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Showing posts from March, 2008

Link-Mad Monday: Small Stores, Comics, and Anne

Lots of fascinating book news in the world today... of which the below is but a tiny, arbitrarily selected portion. AM New York has an article on a new Brooklyn bookstore I have not yet visited: Babbo's Books , a few blocks away from me in south Park Slope. Despite the article's incredulity about an indie bookstore opening and staying open, the shop seems to be doing well on a small scale, and proprietor Leonora Stein has ideas for making it better. A field trip seems in order! In the indie-bookstore-makes-good category, a coalition led by ABA president Russ Lawrence of Chapter One Books has been influential in keeping Wal-Mart out of their Hamilton, Montana community . After watching the documentary The High Cost of Low Price I'm even more impressed by their efforts, especially since they admit not everyone in town was convinced Wal-Mart was a bad thing. But check out the Wal-Mart exec's explanation of the pullback for classic villain-retreating-while-proclaimi

Friday Ambitions and Relaxations

It's been brought to my attention recently that I've been remiss in updating the ol' blogroll with some of the blogs I actually regularly read, and some of the bookstore blogs that I'm just discovering. So I have gotten at last off my tush and added some of my favorites-- read 'em (at right) and weep. Book Soup has the best (obscene but true) tagline. Word has the best Brooklyn stuff, natch. Bookavore is a fellow Emerging Leaders type, a true book nerd -- her description of how she became a bookseller made me want to be her new best friend. Wordsmiths has the best ongoing narrative (home town store makes good, moves into the bank building, graphic novels go in the vault!) -- and awesome event photos; they're my newest model for how I want to run my bookstore blog. there is no gap is the thoughtful stuff you'd expect from Shaman Drum's Karl Pohrt. Archimedes Forgets is the off-hours (but still awfully booky) project of the ABA's lovely S

Link Love (aka Shameless Plug)

Carolyn Bennett, my coworker at BookStream (at least for the rest of this week) and fellow (anonymous) blogger, is a big fan of "link love" -- the affectionate exchange of linkage between bloggers who read each other, in order to increase traffic for all. "Comment love" is another aspect of this, one I admit I'm a bit weak on -- though I read (and skim) tons of lit blogs, I'm often very lazy about posting comments, which is probably why this blog is not so commenty itself. But I'm resolving to be better. And how better to start off than with a link to a new website/blog I helped create: BookStream.com ! If you ever clicked on this URL before, you may recall a fairly staid page with contact information and company description. Now, however, you've not only got yer contact info and yer special title offers and yer bookseller terms -- standard company stuff -- BUT you've also got archived back issues of The BookStream Current , and book recomme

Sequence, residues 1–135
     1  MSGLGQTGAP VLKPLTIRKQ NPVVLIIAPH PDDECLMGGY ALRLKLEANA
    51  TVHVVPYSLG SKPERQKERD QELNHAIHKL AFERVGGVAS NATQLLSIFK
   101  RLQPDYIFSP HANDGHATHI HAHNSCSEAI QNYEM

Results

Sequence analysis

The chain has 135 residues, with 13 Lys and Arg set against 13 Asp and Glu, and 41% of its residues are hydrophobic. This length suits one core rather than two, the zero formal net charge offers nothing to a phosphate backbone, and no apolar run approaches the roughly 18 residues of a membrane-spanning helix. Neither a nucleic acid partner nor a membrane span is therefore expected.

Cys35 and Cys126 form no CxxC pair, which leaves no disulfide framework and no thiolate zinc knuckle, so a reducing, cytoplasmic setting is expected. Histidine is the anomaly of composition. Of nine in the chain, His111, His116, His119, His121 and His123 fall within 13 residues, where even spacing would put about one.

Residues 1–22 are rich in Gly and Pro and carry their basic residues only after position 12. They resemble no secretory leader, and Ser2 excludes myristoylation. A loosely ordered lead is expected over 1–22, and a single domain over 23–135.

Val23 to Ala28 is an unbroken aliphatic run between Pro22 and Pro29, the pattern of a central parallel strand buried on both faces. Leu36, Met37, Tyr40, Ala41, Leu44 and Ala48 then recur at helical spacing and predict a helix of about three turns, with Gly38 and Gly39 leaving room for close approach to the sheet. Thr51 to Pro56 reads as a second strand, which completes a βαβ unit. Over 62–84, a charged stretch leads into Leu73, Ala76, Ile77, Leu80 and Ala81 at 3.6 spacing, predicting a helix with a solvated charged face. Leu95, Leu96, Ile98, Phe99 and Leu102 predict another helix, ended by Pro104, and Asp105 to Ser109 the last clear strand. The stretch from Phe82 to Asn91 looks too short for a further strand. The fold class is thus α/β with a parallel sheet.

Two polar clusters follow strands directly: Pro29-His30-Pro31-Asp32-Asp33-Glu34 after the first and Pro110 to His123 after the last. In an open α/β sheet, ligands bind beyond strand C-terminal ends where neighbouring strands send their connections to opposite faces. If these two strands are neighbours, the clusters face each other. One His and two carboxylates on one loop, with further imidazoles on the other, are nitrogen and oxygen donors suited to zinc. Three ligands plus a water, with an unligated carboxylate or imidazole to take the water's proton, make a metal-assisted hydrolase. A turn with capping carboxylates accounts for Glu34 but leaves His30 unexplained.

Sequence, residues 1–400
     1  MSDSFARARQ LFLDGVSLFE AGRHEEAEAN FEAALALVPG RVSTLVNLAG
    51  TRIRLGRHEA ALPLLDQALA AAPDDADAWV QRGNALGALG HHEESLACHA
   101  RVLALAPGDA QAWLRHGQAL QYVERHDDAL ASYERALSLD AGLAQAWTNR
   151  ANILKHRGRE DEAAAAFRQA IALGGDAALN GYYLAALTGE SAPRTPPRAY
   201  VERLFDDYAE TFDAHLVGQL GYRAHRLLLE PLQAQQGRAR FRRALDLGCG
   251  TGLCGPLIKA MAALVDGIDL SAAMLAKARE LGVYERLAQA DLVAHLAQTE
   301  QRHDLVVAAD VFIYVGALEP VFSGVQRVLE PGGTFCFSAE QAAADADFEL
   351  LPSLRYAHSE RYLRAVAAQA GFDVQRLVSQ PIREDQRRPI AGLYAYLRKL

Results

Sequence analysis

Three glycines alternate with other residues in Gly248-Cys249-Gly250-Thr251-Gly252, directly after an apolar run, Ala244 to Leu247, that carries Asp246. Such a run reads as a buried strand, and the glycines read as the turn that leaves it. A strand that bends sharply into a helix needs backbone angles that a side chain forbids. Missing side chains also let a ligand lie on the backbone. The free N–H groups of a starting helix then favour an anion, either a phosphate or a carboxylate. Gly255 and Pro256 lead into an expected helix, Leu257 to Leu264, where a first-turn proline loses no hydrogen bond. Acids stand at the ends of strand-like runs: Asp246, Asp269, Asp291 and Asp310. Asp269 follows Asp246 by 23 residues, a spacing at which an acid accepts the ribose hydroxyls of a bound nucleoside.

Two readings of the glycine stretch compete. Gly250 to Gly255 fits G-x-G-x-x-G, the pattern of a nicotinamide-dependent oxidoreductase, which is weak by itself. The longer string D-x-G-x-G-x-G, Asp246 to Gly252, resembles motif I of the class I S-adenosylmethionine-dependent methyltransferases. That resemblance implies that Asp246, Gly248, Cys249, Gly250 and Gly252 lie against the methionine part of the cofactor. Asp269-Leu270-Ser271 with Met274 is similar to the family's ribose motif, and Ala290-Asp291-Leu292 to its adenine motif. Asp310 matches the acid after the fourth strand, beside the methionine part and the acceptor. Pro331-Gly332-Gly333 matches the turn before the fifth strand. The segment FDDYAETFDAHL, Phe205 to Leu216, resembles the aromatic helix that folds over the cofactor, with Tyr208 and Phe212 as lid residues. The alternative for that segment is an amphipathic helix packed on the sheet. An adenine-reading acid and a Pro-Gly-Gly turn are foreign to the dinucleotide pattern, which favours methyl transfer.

Link-Mad Monday: Bad News, Good News, Other

The Litblog Co-Op is no more. The site's still there, but the membership has been quietly disbanded, and there will be no more "Read This!" picks. Dan explains why at The Reading Experience, and Levi shares his thoughts at LitKicks. I'm a little sad about it, but I can't say I'm surprised -- I was one of several former members who had to drop out because life just got too busy, and the project didn't seem to have quite the momentum or organization it needed to keep going. Luckily, though, nearly all former LBCers still have their own litblogs going strong, so there are plenty of places to find great book news, reviews, recommendations and hidden gems in the blogosphere. Here's one thing that may be going away that I'm NOT sad about: Bruce Ratner's terrible Atlantic Yards project, according to the New York Times and the Brooklyn Paper . The slowing economy (he says) is putting the kibosh on the project, though I suspect the public outcry

A comic moment

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I've had graphic novels even more on the brain than usual since last weekend's SPLAT! symposium at the New York Center for Independent Publishing . Not only did I get to speak on a panel with some of my book industry heroes -- Rocketship owner Alex Cox, Diamond rep John Shableski, PW Comics Week editor Calvin Reid, Jim Killen, the graphic novels buyer for Barnes & Noble, and freelancer/friend/fellow geek Evan Narcisse -- I also got to listen to Scott McCloud wax poetic with guys from the superhero and manga worlds, AND sit in on Brian Wood 's session on place in graphic novels (where he talked about, among other things, using Park Slope in his Local series). Favorite quote from Scott McCloud: "For years it was like we were beating a dead horse with this comics thing, just beating it and insisting 'no, there's life in that horse!' And then one day the horse opened its eyes and got up! And then SEVEN THOUSAND HORSES came running over the hill!&

Fair and Balanced Link Monday